Showsight Presents The Akita


(A version of this article appeared in the September 2019 issue of SHOWSIGHT.)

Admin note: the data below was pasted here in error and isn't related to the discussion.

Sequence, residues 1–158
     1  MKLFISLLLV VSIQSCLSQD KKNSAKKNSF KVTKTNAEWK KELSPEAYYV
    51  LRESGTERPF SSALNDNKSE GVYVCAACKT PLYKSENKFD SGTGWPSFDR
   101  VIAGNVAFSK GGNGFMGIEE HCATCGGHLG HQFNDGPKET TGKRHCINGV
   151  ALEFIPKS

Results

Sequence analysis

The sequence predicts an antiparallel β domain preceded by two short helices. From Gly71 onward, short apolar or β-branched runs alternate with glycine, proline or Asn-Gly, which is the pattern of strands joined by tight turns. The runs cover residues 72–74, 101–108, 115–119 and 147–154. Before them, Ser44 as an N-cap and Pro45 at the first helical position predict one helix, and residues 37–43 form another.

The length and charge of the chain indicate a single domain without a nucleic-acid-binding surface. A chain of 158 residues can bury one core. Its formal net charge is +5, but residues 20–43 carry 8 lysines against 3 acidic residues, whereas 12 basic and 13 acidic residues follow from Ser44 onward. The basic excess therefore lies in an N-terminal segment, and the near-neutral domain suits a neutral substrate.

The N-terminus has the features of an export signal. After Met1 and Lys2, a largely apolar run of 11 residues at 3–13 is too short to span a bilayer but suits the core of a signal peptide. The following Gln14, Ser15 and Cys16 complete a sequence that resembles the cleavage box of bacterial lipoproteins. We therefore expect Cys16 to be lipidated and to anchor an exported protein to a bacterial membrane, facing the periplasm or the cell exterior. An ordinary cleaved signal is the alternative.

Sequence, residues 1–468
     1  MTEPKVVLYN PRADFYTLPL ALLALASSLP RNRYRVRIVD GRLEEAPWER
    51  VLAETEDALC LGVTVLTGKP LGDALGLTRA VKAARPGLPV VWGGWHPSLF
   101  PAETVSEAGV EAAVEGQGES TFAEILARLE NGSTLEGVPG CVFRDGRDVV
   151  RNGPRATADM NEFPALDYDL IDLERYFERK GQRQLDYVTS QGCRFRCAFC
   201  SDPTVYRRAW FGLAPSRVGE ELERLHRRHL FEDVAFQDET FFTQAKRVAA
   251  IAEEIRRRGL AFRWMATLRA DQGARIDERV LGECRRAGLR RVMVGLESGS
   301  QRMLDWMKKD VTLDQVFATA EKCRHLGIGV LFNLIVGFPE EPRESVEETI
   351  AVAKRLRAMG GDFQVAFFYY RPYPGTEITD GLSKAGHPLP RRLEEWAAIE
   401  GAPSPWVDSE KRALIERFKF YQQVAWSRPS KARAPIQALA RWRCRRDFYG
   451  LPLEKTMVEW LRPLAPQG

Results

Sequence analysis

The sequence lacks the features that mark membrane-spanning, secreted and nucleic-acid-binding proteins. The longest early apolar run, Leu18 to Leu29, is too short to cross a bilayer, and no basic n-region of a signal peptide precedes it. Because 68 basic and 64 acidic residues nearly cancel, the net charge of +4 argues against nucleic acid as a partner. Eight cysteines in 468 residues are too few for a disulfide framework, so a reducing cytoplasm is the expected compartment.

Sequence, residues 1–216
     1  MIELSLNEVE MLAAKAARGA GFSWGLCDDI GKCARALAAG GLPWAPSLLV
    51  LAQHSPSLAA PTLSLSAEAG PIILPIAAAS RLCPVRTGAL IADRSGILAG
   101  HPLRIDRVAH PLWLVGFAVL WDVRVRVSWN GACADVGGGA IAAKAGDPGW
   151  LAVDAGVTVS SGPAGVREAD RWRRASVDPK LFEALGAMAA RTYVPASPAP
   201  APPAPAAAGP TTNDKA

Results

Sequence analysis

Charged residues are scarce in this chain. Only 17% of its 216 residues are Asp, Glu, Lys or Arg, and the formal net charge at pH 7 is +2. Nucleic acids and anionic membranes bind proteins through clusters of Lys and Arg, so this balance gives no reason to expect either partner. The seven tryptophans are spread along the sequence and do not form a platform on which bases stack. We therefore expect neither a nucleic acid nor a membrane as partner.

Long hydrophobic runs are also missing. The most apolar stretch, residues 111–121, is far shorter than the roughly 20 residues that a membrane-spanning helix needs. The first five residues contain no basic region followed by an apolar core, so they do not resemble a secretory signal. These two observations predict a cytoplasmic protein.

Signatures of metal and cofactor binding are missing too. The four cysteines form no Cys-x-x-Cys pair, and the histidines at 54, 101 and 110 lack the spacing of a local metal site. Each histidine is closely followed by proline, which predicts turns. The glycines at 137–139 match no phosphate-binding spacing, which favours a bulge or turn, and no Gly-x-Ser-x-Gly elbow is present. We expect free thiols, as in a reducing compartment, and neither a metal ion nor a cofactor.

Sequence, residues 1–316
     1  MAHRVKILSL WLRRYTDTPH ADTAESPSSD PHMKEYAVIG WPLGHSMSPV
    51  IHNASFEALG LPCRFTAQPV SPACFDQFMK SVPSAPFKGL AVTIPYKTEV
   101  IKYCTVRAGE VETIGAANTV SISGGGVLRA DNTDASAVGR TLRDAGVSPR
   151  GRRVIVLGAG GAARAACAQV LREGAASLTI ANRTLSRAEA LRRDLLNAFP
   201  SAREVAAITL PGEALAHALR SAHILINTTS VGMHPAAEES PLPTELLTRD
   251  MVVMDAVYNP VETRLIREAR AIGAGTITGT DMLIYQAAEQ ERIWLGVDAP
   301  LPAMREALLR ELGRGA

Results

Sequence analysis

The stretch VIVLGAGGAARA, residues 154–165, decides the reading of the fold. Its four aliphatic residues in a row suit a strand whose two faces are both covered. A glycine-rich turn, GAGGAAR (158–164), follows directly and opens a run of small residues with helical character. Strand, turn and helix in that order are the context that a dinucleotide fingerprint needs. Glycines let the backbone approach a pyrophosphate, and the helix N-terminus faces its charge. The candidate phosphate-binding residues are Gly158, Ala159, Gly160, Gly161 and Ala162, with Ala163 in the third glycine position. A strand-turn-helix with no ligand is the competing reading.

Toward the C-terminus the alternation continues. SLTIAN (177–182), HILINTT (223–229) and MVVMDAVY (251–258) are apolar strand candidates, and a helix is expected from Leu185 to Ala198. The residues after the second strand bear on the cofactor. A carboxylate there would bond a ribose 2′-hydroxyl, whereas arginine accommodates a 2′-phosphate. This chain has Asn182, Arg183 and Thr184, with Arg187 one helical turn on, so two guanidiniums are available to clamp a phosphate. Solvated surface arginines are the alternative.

I f it were necessary to describe the Akita in one word, “dig- nity” would suffice. All of the elements described in the AKC standard are designed to contribute to the impres- sion of a large, powerful, alert dog with much substance and heavy bone. At first glimpse, one is struck by the Akita’s proud stance, no nonsense demeanor, and somewhat aloof nature, but those of us who share our lives with this breed will speak about their gentleness, playful attitude, unwavering loy- alty, sometimes silly antics, independent thinking, and love that knows no bounds. Those who know me will tell you that I’m a “head person.” I’ll admit there is truth in this, but whether or not one thinks of the head as the hallmark of the breed, the importance of a cor- rect head as a core element of breed type cannot be denied and is reinforced by the standard. The broad and triangular-shaped head is complemented by the harmonizing, triangular shape of the dark eyes and ears that are strongly erect with slightly round- ed tips, carried slightly forward over the eyes in-line with the back of the neck. Taken together, the result is an alert and cou- rageous expression, which is present in both males and females. The Akita is a composition of balance, proportion, and mod- eration. The large head is balanced by a large, full tail, set high. It cannot trail behind the dog, nor be held up in the air as a waving plume. The tail can be carried over the back or rest against the flank in a three-quarter, full, or double curl, which always dips to or below the level of the back. The root of the tail is strong, and while the standard refers to the tail bone reaching to the hock when let down, the length of the tail can be assessed visu- ally without dropping or pulling the tail down to measure it. In the case where the tail is very tightly curled, it can be uncom- fortable for the dog if one tries to uncurl and drop the tail to measure it. An Akita can occasionally drop its tail for a number of reasons—hot day, in season, new to the show ring, or simple boredom or age. When in doubt about a possible disqualifica- tion for an uncurled tail, I would advise that you give the dog an opportunity to move around the ring. It is sufficient to see the tail touch the back or dip below the level of the back one time. If it does, the tail should be judged acceptable. Although you may still decide not to use the dog, a disqualification is not warranted. Akitas are at the bottom range of the large-sized breed cat- egory; the standard describes the ideal size of males between 26" and 28" at the withers and females between 24" and 26". Under 25" for a male and 23" for a female (including puppies) is a disqualification. An Akita’s size, obvious strength, and car- riage leave a lasting impression, but at the same time, there is no harshness in his appearance. The short, thick, lustrous double coat that stands off the body softens the rugged outline of muscle and bone, and creates an indelible picture of balance and beauty. As for color, we each may have personal preferences, but all coat colors are permitted, including white, brindle, and pinto. Colors are rich, clear, and brilliant. The standard speaks about well-balanced markings, with or without masks or blazes. Although I’ve always had a personal fondness for a well-marked pinto, some of my favorite Akitas of all time have not been pintos but have been distinguished by their unquestionable breed type, balance, proportion, outstanding movement, correct structure, and brilliant color.


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